Hydrogels with attractive drug release characteristics were prepared by A. Khademhosseini et al., using hyperbranched polyester macromers.70 These nanocarrier systems were used for the encapsulation of the hydrophobic drug dexamethasone within the hydrophobic cavities of the hydrogel and a sustained release of the entrapped drug was reported. The properties of the hydrogel could be tuned by changing the cross-linking density. With regard to an application in cellular therapies (e.g. tissue engineering) the cell adhesion, spreading, and proliferation on the hydrogel surface was investigated and found to be better on the highly cross-linked, and therefore mechanically stiff, hyperbranched polyester hydrogels compared their softer analogues. These results might help in the development of materials that can be tailored to specific functions in tissue engineering applications.

Hyperbranched polyethylene

Hyperbranched polyethylene with globular shape in aqueous solution and molecular dimensions in the nanometre ranges have received broad interest for applications including controlled drug delivery and release, phase transfer, and as unimolecular nanocarriers.

Nanocarriers based on hyperbranched polyethylene core and polyethylene glycol shell have been synthesized by Z. Guan and co-worker. Nile red has been used as guest molecules to studied the transport capacity of the nanocarrier systems. In the light-scattering, fluorescence and UV-VIS spectroscopic studies with Nile red in aqueous solution, unimolecular micellar properties of the nanocarrier systems were observed. These molecular nanocarriers can be promising candidates for drug delivery and controlled drug release.71,72

The first tandem coordination, ring-opening, hyperbranching polymerization of ethylene for the efficient synthesis of a unimolecular core–shell nanocarrier was presented by C. S. Popeney et al.73 Their nanocarriers consisted of a dendritic polyethylene (hPE) core with a grafted hPG shell. Due to the high hydrophilicity of hPG, the nanocarrier was water-soluble. It was shown that the core–shell copolymer transports the hydrophobic guests pyrene and Nile red by a unimolecular transport mechanism and achieves an efficient transport of the hydrophobic dye Nile red into living cells under biologically relevant high dilution conditions, which was not possible with the amphiphile-derived micelle (Fig. 12). This work clearly demonstrated the advantages of unimolecular transport systems for the delivery of hydrophobic guests under highly dilute conditions, because this cannot be achieved with self-assembled micellar nanocarriers. Thus, these unimolecular core–shell nanocarriers are promising candidates for the formulation and delivery of poorly water-soluble active agents across cellular membranes.


image file: c4cs00333k-f12.tif
Fig. 12 Image of tumour cells showing the fluorescence of Nile red (red) and DAPI nuclear stain (blue) for cells incubated with hPE–hPG unimolecular nanocarriers compared to cells treated with the amphiphile-derived micellar nanocarriers at the same concentration. Reprinted with permission from ref. 73; Copyright 2012 American Chemical Society.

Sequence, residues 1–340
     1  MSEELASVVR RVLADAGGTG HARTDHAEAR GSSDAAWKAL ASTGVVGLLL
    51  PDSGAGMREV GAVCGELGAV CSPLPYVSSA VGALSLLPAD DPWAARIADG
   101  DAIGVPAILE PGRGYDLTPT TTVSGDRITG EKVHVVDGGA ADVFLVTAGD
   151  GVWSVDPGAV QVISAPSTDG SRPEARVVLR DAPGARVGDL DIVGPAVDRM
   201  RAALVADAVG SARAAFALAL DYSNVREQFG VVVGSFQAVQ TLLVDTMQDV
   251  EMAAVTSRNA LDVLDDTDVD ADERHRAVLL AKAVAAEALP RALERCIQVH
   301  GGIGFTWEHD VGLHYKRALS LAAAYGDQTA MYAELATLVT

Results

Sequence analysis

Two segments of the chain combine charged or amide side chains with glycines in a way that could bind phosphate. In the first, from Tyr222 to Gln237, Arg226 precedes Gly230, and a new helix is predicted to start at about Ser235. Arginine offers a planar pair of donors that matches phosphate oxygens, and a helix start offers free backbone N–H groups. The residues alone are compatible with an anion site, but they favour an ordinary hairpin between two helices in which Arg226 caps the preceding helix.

Zhang et al. also showed the encapsulation of coumarin 153 in unimolecular micelles of amphiphilic core–shell polymers obtained by coupling chain walking copolymerization and ATRP (atom-transfer radical polymerisation).74 Oligo(ethyleneglycol)methacrylate (OEGMA) was used as the comonomer to provide both water solubility and thermosensitivity to the unimolecular dendritic polyethylene amphiphiles. The temperature-sensitive phase transition behaviour of these core–shell amphiphiles was investigated by Rayleigh scattering. With increasing hydrophilicity of the polymers, the lower critical solution temperature (LCST) of the polymer solution increases.

Hyperbranched polystyrene

Hyperbranched polystyrene-based nanocarriers were grafted with poly(N-isopropylacrylamide) (PNIPAm) chains by S.-Q. Chen (Fig. 13).75 In THF, these systems exist as star-like polymers. Upon replacement of THF with water, the nanocarriers remained stable as unimolecular carriers; however, the water-insoluble polystyrene collapses, thereby enabling the encapsulation of hydrophobic chemicals. Due to the PNIPAm arms, which is a thermoresponsive polymer, these systems exhibited thermally induced shrinkage with an LCST of around 29–32 °C. As a hydrophobic model compound, pyrene was successfully encapsulated.
image file: c4cs00333k-f13.tif
Fig. 13 Synthesis strategy for star-like amphiphilic copolymers with lsc–hPS core and PNIPAm grafting chains. Reprinted with permission from ref. 75; Copyright 2013 Wiley Periodicals, Inc.

H. Nagashima et al. reported the synthesis of hyperbranched polystyrenes (hPS) with tunable hydrophobicity/hydrophilicity.76 This was achieved by introducing Cl groups on the surface of the hyperbranched polymer, which were then treated with amines to give hPS–NR3+Cl. The hydrophilicity/hydrophobicity of the nanocarrier can be tuned by choosing a suitable R group. These systems were employed to synthesize and stabilize platinum nanoparticles, which were used in a biphasic hydrogenation of stilbene and successfully recycled (Fig. 14).